Material breach of contract - What can be done?

Understanding the concept of a material breach of contract is fundamental in navigating the complexities of contractual obligations and their enforcement. A material breach is a violation of the terms of a contract that is so severe it permits the non-breaching party to terminate the contract, seek damages, or both.

Defining a Material Breach of Contract

A material breach involves a failure by the breaching party to perform a duty so fundamental that it impacts the essence of the contract. The determination of what constitutes a material breach involves considering the full factual matrix, including the terms of the contract, the circumstances surrounding the breach, and its effect on the benefit that the non-breaching party would have received if the breach had not occurred.

Case Law

The Mid Essex Hospital Services NHS Trust v Compass Group UK and Ireland Ltd (trading as Medirest) [2013] EWCA Civ 200 case involves a contract dispute between the NHS Trust and Medirest, the contractor providing catering and cleaning services at a hospital.

The contract included a clause for good faith cooperation and a system of Service Failure Points (SFPs) to monitor performance, with the possibility of deductions from payments or contract termination if performance thresholds were not met.

Medirest’s performance led to the accrual of excessive SFPs, prompting the Trust to make substantial deductions from payments and eventually attempt to terminate the contract.

However, the Trust’s calculation of SFPs and deductions was significantly flawed. Medirest challenged these actions, citing material breaches by the Trust, and sought to terminate the contract.

Initially, the Trust’s actions were deemed material breaches by Cranston J, allowing Medirest to terminate the contract.

However, the Court of Appeal reversed this decision, finding that while the Trust’s actions were breaches, they were not material as they did not justify contract termination by Medirest, particularly since the Trust had corrected its errors.

In Compass Group UK and Ireland Ltd v Mid Essex Hospital Services NHS Trust (2013) LJ Jackson highlighted that the phrase ‘material breach’

“connotes a breach of contract which is more than trivial, but need not be repudiatory … Having regard to the context of this provision, I think that ‘material breach’ means a breach which is substantial. The breach must be a serious matter, rather than of little consequence”.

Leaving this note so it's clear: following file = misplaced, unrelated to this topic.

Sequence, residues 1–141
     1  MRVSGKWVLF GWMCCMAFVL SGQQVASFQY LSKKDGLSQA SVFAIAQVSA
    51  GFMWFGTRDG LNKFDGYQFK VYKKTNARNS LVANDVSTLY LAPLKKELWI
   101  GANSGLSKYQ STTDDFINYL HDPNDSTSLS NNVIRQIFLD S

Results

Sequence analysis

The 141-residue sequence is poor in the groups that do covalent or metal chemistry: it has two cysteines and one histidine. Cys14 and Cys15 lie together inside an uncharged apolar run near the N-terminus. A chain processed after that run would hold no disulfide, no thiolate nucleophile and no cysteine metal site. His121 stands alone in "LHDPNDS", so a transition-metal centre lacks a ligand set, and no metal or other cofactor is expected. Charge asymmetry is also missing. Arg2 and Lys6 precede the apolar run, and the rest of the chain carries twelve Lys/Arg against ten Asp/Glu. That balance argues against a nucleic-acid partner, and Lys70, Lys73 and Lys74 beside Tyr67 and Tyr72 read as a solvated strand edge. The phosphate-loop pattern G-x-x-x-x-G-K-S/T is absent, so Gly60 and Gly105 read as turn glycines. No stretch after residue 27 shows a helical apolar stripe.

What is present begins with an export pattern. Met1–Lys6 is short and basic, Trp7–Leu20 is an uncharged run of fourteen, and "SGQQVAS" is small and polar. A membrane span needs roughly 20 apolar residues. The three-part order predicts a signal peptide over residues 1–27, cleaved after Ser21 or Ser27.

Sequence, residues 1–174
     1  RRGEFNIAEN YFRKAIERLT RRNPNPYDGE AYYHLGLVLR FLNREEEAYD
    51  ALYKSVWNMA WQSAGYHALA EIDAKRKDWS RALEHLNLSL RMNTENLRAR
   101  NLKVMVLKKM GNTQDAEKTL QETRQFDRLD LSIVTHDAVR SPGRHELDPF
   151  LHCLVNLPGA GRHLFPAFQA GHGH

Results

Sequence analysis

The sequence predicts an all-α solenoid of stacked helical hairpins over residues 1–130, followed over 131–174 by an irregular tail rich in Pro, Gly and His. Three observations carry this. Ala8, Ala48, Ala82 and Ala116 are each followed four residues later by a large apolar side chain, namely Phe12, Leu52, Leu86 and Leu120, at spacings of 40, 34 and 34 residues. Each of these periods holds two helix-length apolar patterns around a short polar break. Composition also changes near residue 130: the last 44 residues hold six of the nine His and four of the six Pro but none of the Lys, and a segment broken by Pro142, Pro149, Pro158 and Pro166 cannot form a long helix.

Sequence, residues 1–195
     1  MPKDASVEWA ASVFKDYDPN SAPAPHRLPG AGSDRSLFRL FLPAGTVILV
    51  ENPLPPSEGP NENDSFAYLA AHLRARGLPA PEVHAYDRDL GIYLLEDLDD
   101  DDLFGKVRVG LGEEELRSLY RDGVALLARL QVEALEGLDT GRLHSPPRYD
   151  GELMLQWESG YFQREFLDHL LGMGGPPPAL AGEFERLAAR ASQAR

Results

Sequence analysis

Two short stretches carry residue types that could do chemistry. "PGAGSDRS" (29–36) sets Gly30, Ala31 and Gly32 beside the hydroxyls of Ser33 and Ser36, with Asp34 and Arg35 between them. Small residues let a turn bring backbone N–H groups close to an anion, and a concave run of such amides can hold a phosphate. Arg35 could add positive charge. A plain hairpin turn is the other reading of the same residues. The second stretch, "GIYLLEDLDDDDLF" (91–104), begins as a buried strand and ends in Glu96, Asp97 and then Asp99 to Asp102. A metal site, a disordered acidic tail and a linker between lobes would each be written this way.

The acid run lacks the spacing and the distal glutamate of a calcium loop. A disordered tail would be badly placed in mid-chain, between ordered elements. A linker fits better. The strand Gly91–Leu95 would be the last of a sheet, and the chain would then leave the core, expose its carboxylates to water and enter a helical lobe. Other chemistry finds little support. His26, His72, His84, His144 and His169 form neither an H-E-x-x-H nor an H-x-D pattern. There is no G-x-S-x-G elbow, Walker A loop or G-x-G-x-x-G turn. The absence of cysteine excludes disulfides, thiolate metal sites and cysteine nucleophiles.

Dissolution of RiverRock European Capital Partners LLP v Harnack (2022): In the case of RiverRock European Capital Partners LLP v Harnack [2022], the High Court found no material breach despite alleged contract violations involving the management of an investment fund.

The investment firm, RiverRock, faced challenges in attracting investors and considered changing managers, leading to disputes. When the UK company managing the fund was dissolved due to failure to file with Companies House, RiverRock terminated their agreement, citing material breaches.

However, the court determined that the dissolution, an oversight capable of remedy, did not constitute a material breach, emphasising the need for a breach to be substantial and have significant consequences.

Material Breach vs. Repudiatory Breach

It’s important to distinguish between a material breach and a repudiatory breach, although both can lead to termination. A repudiatory breach is one where the breaching party shows an intention not to perform their obligations at all, fundamentally undermining the contract.

Whilst all repudiatory breaches can be considered material, not all material breaches are repudiatory. The distinction lies in the breaching party’s willingness and attempts to put right in the future, which may preclude the breach from being considered repudiatory.

Legal Remedies and Resolution

The consequences of a material breach are significant. The non-breaching party is entitled to seek remedies, including damages for losses incurred and, in some cases, specific performance or an injunction to prevent further breaches. The choice of remedy will depend on the nature of the breach and the terms of the contract.

Moreover, the resolution process often involves considering whether the breach can be rectified and the willingness of the breaching party to do so. This consideration can affect the choice between pursuing legal action and seeking a negotiated settlement, which might be more conducive to maintaining a commercial relationship.